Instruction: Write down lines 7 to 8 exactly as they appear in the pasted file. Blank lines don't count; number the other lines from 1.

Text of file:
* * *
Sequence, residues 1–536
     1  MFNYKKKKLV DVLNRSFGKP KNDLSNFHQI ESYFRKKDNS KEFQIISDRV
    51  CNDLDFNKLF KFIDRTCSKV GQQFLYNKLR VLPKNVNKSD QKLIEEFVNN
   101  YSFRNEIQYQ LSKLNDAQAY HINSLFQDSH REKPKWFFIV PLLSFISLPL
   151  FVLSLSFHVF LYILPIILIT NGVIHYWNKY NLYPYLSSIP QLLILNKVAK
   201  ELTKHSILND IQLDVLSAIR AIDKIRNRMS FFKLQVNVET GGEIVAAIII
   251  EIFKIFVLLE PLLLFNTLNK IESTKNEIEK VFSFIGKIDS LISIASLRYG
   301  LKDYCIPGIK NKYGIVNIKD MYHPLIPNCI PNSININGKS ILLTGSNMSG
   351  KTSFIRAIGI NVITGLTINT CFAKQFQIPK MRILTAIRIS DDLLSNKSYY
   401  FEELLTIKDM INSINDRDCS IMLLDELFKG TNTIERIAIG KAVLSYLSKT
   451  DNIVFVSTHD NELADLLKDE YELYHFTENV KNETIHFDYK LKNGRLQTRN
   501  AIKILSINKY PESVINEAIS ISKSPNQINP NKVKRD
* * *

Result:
   251  EIFKIFVLLE PLLLFNTLNK IESTKNEIEK VFSFIGKIDS LISIASLRYG
   301  LKDYCIPGIK NKYGIVNIKD MYHPLIPNCI PNSININGKS ILLTGSNMSG